In the end, you will do a transformation like this in the vertex shader:

for (int i = 0; i < 4; i++) position += weights[i] * globalPose[bone_indices[i]] * invBindMatrix[bone_indices[i]] * vertex.position;

Global pose matrix can be calculated from local pose matrices. Each bone has one, local pose matrix is the matrix that you obtain from currently running animation, it describes the translation/rotation of the bone in bone local space. To get global pose matrices, you just start with the root bone. Set the root bone global pose matrix to local pose matrix (because it has no parent). Go down the bone hierarchy, and calculate global pose matrix as parent global pose matrix multiplied with the local pose matrix.

Skeletal animation is one of those things you randomly write code, try to piece together samples from tutorials, until suddenly you have the eureka moment, grasp the theoretical part and order of transformations and suddenly it all seems obvious to you.


I'm just starting to piece this together myself, but I've managed to apply transformations to bones by exporting them as collada files. Nothing else works AFAIK. This does not work for me with fbx.

Here is the "formula" as I understand it:

bone_transform = inverse(mRootNode->mTransformation) * aiBoneNode->parent->mTransformation * animation->RST matrix * aiBone->mOffsetMatrix;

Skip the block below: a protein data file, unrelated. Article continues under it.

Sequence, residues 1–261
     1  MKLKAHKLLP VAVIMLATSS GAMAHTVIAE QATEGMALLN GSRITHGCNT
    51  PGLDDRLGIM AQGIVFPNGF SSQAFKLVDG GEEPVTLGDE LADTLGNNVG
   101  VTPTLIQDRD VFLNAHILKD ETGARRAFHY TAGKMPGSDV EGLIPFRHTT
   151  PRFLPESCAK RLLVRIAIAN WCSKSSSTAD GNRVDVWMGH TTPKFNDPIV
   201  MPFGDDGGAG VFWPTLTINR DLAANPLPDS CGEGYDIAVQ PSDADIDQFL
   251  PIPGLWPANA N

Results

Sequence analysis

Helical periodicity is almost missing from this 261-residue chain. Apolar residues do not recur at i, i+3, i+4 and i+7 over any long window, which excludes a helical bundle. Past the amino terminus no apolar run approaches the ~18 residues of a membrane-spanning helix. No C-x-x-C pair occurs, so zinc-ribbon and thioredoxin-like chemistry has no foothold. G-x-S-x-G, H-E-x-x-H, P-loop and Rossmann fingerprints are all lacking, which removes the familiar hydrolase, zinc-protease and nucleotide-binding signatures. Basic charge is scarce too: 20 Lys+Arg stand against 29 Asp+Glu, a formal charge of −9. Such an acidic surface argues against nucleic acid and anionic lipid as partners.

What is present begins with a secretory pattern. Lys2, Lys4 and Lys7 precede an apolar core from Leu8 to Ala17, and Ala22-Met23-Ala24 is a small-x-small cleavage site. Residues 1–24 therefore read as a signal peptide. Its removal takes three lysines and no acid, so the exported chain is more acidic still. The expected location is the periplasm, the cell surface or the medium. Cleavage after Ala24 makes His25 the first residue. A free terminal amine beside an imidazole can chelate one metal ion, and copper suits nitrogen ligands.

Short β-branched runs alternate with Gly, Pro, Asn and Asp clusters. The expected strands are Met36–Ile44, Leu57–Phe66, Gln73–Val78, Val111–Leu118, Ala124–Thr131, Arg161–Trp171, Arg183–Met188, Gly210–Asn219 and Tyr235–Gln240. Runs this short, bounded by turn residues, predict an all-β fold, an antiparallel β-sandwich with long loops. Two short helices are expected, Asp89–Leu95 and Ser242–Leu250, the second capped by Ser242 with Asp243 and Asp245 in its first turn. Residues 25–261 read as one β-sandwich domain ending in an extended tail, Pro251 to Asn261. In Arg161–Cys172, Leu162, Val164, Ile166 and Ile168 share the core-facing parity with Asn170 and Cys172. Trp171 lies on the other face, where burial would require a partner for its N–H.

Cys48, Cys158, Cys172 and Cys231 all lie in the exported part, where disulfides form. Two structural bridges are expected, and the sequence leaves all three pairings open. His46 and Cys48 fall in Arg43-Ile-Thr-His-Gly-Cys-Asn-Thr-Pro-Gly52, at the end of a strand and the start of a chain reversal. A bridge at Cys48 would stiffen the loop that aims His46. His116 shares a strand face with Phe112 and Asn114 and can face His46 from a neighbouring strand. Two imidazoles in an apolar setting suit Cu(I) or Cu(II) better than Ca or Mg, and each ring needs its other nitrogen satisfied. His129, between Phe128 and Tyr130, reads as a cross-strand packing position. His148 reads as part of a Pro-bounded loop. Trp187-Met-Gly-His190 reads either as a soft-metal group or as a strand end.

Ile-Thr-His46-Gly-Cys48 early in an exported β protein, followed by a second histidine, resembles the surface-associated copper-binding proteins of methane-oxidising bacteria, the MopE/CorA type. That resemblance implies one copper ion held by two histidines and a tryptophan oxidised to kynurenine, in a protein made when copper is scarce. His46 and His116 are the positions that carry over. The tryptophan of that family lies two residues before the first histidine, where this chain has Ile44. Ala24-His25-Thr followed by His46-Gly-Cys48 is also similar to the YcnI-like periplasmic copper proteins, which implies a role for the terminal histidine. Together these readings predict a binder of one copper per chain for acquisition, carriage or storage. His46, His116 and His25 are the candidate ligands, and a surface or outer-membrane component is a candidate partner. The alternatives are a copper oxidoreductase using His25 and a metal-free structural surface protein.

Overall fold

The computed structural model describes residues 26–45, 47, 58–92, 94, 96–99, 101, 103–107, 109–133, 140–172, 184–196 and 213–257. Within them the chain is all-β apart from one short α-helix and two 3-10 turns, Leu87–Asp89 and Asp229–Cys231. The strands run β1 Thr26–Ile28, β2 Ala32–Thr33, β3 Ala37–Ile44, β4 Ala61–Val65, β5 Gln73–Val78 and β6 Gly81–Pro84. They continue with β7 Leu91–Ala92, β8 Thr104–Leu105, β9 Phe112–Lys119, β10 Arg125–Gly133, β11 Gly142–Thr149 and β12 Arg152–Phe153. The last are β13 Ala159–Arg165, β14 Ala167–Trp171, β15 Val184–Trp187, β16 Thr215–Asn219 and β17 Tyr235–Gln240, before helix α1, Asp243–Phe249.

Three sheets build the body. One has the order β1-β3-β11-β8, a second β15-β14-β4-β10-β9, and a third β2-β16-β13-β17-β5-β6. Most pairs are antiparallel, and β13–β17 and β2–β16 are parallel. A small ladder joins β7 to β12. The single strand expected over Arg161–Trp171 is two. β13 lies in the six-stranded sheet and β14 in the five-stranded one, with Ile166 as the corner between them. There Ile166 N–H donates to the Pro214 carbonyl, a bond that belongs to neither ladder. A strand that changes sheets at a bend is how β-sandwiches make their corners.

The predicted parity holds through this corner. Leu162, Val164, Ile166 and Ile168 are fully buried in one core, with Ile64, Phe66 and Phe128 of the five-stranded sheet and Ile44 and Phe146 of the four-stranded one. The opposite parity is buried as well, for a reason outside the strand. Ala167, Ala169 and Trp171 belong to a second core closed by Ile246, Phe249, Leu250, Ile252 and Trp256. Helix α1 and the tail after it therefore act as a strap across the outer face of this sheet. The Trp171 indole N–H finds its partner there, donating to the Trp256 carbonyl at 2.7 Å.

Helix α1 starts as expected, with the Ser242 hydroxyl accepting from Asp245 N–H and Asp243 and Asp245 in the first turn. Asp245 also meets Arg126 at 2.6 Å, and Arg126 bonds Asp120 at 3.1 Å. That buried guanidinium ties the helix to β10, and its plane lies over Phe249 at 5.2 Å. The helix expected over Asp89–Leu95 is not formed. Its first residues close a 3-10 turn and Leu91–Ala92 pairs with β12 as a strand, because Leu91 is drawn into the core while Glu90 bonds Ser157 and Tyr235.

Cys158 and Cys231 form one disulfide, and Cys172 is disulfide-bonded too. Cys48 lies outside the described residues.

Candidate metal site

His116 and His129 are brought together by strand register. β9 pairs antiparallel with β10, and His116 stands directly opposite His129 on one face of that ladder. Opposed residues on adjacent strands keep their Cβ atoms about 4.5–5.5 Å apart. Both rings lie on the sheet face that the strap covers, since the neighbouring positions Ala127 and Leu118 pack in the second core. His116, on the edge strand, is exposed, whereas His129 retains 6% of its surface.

gl_Position = MVP * bone_transform * vertex;

I'll try and elaborate, minus all of the code I used to traverse aiScene... First, you need to get the offset matrix from the bone:


Next, look up the transform matrices:

parentTransform(transform, scene->mAnimations[idx]->mChannels[cIdx]->mNodeName);
inline void parentTransform(glm::mat4 &result, aiNode* node) {
  if (node->mParent != 0x0) {
    glm::mat4 tmp = aiMatrix4x4ToGlm(&node->mParent->mTransformation);
    result = tmp  * result;
    parentTransform(result, node->mParent);

Then, get the keyframe transformation:

                            glm::quat key_rotate(

                            glm::mat4 key_translate = glm::translate(

Next, mash it all together:

                                m_scenes[mIdx]->m_bones[bIdx].keyframe_transformation = 

                                glm::inverse(aiMatrix4x4ToGlm(&scene->mRootNode->mTransformation)) * 
                                //aiMatrix4x4ToGlm(&scene->mRootNode->mTransformation) * 
                                transform * 
                                //aiMatrix4x4ToGlm(&scene->mRootNode->mChildren[0]->mTransformation) *
                                key_translate *
                                glm::mat4_cast(key_rotate) *

Send it to your vertex shader:

gl_Position = proj_matrix * mv_matrix * bones[boneId] * vec4(position, 1.0);

And voilà.

  • \$\begingroup\$ hi i just noticed your answer i'll get into it and get back to you ASAP thanks :) ! \$\endgroup\$
    – Bob Maza
    Dec 21, 2016 at 13:25